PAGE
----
Islamic Republic's first female head of a juvenile court

Blog ID : #1218
Publish Date : 03/04/2017 16:40
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According to a report of Shargh daily last week, Tehran's prosecutor announced the appointment of a woman as juvenile court supervision.

“This appointment which was done with the agreement of the chairman of the judiciary, was unprecedented since the Islamic Revolution. We hope the presence of a female judge in the custody of the court, help the prosecutor goals implemented in Adolescents issues more than before.” Jafari dolatabadi, Tehran's prosecutor, said.

This ruling could be the beginning of a new era in women's representation in judgment. As women face challenges to be a judge in Iran and there are disagreements among jurists, legislators, and priests on this.
Jafari Dolatabadi emphasized that the main purpose of the prosecutor is the importance of women, children, and family fields and pointed out the establishment of the Department of Women and Family affairs is to implement this goal. He also explained that the emphasis on women and children is because of the necessity of protecting these people.

“It was planned before that women's prison and juvenile institution become part of the department of women, children and family affairs and now the target is achieved by appointing Ms. Khaki as the head of a juvenile court” he said. One of the useful measures in addressing juvenile delinquency was the appointment of two female interrogators.

Ms. Khaki is one of the pragmatic women activists. She is responsible for prisoner’s health in Gharchak prison and during her years of service she established a great relationship with them and by attending reconciliation meetings she prevented many women from execution.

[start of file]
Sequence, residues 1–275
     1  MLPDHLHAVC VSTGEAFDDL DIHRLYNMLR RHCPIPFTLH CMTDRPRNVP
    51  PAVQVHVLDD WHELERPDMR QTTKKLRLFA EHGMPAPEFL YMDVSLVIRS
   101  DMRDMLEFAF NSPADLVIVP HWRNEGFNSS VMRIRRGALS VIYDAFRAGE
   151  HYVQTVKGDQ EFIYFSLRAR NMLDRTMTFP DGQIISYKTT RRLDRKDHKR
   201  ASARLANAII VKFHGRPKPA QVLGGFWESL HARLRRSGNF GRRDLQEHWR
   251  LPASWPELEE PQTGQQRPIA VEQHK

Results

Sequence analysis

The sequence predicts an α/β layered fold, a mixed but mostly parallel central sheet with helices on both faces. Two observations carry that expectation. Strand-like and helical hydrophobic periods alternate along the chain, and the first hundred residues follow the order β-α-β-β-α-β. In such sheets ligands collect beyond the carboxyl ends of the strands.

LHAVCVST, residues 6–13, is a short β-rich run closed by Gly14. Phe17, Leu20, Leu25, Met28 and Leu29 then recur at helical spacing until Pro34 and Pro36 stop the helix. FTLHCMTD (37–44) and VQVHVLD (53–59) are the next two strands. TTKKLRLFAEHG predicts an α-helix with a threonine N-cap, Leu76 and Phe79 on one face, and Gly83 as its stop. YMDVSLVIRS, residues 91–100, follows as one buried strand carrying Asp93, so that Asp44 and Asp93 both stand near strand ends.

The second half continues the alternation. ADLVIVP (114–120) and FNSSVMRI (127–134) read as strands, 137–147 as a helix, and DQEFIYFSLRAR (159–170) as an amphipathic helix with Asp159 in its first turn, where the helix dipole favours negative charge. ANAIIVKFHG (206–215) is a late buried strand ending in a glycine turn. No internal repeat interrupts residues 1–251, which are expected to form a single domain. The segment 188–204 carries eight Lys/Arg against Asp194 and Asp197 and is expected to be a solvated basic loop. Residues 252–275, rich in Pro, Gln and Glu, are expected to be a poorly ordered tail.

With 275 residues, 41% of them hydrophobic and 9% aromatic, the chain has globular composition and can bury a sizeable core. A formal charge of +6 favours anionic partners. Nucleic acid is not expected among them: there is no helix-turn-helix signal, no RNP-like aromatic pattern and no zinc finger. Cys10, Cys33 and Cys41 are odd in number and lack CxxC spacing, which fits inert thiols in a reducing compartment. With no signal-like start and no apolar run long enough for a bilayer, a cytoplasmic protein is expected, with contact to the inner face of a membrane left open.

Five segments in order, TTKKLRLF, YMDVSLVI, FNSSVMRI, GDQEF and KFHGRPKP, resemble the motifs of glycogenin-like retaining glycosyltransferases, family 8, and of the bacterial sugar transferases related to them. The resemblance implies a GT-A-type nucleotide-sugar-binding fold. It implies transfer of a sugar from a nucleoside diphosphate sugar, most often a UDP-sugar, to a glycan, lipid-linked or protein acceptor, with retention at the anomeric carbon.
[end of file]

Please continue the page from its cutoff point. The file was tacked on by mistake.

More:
According to international law and jurisprudence, someone who is engaged in a juvenile court must also consider the emotions and feelings in addition to the law itself. Also the juvenile court counselors are chosen from both Practitioner and retired experts in education, psychology, criminology, social workers, and academics with psychological knowledge of children and adolescents.

Dr. Shahnaz Sajadi, attorney at law and a women activist, said “this is a blessed event. Because in years after Islamic Revolution there were limitations for women to be a judge and their position in the judiciary administrative posts were low, so it is very pleasant. This is the first time that a woman is elected as head of the Judicial Complex and I think this trend is going in a direction that would enable women to sit on the bench as a judge.”

Homa Garmaroodi, head of the Iranian Bar Association, said “Women are more accurate in their work and are stronger in management. Another point is that women can be much more effective for Children and juvenile Courts than men because in these cases we are not only dealing with the right itself but also with emotions and understandings.”

As a matter of fact, in relation to children, this is the character of them that is important and needs attention and must be investigated. Therefore, selection of a woman as head of the court can be very positive for this process and can break the taboos of women presence in the judiciary.

The presence of women in a juvenile court can be kind of reassuring to children. One of the constant excuses to prevent women from judiciary posts is their feelings but who can deny that a woman is required for understanding the circumstances of child offenders? A woman who can control her emotions and with her sense of motherhood, look to the future of children who may be just one step away from prison.
Finally, we hope that benefiting from the expertise and experience of women will not be limited to this case.



 Quoted and edited: Negar Paidar


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“ Islamic Republic's first female head of a juvenile court ”